This report examines the March 11, 2004 Madrid Bombings in respect to the possible involvement of criminal elements of the Spanish government.


The Bombings

It was during morning rush hour on March 11, 2004 that ten explosions on four commuter trains occurred, resulting in the deaths of 191 people and leaving thousands injured.

The Suspects

The Bomb Squad

Within months after the bombings, it emerged that three of the accused bombers were police informants, and Emilio Suárez Trashorras, the man accused of supplying the 200kg of dynamite for the bombs, had in his possession the private phone number of Juan Jesús Sánchez Manzano, the head of Spain’s Civil Guard bomb squad.[1]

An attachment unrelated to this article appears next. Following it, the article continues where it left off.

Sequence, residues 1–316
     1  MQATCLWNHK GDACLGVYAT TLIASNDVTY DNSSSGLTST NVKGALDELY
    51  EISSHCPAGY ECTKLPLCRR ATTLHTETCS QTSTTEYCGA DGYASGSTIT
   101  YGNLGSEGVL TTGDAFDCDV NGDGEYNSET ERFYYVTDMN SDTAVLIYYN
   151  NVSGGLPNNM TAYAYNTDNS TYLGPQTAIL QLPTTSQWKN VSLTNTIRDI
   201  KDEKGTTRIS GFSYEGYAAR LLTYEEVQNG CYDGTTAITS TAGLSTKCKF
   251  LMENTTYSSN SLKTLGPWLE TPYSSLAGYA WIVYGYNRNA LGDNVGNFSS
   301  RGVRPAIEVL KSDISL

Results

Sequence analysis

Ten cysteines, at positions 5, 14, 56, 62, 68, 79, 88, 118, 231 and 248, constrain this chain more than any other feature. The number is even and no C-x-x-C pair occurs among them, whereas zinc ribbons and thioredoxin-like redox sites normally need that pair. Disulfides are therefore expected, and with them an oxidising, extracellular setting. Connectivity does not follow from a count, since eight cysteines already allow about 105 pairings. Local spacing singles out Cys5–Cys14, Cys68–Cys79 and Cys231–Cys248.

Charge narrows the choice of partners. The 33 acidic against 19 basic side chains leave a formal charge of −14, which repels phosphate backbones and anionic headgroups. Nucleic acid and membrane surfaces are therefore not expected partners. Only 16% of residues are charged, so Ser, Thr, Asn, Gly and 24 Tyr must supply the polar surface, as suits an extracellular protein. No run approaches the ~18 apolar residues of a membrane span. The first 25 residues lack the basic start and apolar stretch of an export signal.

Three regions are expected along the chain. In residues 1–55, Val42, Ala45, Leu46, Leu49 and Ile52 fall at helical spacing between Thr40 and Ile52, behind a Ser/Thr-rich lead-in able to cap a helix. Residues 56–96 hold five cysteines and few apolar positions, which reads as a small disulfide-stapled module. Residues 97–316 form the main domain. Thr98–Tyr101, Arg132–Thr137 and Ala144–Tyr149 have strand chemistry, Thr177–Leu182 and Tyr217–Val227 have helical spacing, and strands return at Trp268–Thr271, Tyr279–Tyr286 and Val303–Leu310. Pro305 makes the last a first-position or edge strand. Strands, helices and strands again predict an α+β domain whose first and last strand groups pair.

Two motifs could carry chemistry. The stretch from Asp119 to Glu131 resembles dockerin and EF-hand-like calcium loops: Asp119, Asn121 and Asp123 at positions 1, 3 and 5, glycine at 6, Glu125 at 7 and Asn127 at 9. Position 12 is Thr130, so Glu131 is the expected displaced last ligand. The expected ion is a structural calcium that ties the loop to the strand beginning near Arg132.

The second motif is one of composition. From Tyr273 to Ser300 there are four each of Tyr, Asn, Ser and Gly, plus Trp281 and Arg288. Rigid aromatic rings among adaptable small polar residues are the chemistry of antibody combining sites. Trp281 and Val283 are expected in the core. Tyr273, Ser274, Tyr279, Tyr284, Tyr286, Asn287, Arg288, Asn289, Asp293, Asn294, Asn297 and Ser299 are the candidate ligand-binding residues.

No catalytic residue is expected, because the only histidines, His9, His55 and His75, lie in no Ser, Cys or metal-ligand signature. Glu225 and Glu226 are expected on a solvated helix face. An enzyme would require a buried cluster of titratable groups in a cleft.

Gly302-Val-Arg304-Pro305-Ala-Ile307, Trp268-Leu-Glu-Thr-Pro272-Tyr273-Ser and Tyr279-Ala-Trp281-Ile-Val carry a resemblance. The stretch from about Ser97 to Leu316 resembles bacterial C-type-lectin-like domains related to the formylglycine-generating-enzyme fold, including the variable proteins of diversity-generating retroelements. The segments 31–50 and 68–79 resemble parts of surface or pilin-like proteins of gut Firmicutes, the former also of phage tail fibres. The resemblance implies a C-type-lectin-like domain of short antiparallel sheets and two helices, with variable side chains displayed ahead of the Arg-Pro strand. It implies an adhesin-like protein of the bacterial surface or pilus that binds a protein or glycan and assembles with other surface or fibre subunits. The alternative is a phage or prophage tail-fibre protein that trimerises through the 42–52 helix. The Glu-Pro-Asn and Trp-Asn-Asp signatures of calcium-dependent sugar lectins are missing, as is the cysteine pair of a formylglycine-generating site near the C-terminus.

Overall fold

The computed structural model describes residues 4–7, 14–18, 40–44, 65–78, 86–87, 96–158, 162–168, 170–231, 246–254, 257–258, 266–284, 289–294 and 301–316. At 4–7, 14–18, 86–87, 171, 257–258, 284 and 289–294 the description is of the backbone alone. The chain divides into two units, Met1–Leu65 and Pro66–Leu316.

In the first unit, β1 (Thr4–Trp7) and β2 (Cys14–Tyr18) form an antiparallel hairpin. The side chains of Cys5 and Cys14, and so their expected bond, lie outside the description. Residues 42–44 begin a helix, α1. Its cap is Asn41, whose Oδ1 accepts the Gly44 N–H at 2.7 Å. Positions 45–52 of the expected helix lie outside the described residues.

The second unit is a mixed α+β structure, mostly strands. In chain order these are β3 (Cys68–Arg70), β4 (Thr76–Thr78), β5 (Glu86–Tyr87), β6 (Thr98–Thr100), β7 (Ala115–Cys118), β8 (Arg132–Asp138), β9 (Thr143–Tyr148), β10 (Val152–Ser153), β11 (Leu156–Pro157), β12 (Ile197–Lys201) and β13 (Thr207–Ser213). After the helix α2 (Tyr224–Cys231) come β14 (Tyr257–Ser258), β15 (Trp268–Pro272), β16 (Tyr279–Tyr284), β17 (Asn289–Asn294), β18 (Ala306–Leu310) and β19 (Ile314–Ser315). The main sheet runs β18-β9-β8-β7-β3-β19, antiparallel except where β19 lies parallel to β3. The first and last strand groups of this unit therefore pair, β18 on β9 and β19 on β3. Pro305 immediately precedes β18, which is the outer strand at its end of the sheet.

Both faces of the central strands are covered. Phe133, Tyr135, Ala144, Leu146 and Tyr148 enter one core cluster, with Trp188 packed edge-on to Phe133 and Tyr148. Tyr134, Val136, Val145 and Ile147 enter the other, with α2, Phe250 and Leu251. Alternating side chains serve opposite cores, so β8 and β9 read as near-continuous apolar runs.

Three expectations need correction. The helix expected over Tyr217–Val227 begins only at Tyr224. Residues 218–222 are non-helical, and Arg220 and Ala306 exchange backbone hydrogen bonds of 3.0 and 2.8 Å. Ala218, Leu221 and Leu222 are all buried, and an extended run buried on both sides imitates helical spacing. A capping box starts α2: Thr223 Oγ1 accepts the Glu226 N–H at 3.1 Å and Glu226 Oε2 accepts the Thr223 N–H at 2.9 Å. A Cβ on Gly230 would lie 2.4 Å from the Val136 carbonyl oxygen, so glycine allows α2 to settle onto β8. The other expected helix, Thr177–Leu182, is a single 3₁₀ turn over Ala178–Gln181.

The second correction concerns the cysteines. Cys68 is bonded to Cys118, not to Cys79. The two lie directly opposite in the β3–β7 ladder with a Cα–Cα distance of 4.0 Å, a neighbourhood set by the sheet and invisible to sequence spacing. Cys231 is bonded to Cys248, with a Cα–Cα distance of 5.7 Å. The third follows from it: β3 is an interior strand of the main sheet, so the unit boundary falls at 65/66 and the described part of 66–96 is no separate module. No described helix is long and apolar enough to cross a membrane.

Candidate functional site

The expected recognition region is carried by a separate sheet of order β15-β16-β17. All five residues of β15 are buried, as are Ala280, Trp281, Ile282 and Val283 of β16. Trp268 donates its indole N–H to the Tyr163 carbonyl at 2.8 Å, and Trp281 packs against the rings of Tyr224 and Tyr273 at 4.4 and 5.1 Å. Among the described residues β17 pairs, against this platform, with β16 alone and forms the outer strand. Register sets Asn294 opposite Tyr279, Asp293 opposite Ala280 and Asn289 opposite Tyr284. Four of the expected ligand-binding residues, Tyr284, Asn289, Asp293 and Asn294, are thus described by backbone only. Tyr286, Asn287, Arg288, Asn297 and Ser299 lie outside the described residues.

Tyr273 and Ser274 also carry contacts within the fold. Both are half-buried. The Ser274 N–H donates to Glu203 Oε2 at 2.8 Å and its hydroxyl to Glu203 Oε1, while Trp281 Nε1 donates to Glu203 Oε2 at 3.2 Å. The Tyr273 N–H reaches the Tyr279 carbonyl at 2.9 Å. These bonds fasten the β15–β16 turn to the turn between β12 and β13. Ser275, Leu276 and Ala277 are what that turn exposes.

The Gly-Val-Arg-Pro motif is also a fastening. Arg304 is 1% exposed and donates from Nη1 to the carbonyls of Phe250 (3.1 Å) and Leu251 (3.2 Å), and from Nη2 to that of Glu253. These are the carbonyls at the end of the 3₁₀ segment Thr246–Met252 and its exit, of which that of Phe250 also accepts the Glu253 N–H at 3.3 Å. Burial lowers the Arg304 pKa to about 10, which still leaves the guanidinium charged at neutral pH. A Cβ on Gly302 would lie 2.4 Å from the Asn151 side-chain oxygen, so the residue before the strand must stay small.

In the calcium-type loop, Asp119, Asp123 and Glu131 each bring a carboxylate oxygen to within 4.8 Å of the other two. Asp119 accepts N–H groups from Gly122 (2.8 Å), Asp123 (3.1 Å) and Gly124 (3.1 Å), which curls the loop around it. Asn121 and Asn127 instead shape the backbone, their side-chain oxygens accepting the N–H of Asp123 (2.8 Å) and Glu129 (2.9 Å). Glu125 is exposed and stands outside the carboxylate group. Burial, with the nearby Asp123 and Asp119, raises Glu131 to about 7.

In March of 2003, one year prior to the bombings, Rafa Zouhier, an informant for the Civil Guard bomb squad reported to his supervisors that Trashorras and his brother-in-law, Antonio Toro, were illegally selling explosives in Spain. [2] Zouhier was subsequently put on trial for participation in the bombings, where he stated that he repeatedly informed his handler of the deal in buying explosives for the bombings: “In 2003 I warned that ‘these people want to sell 150 kilos’. I told them 1000 times.”[3] The majority of those involved in buying the explosives were also police informants.[4]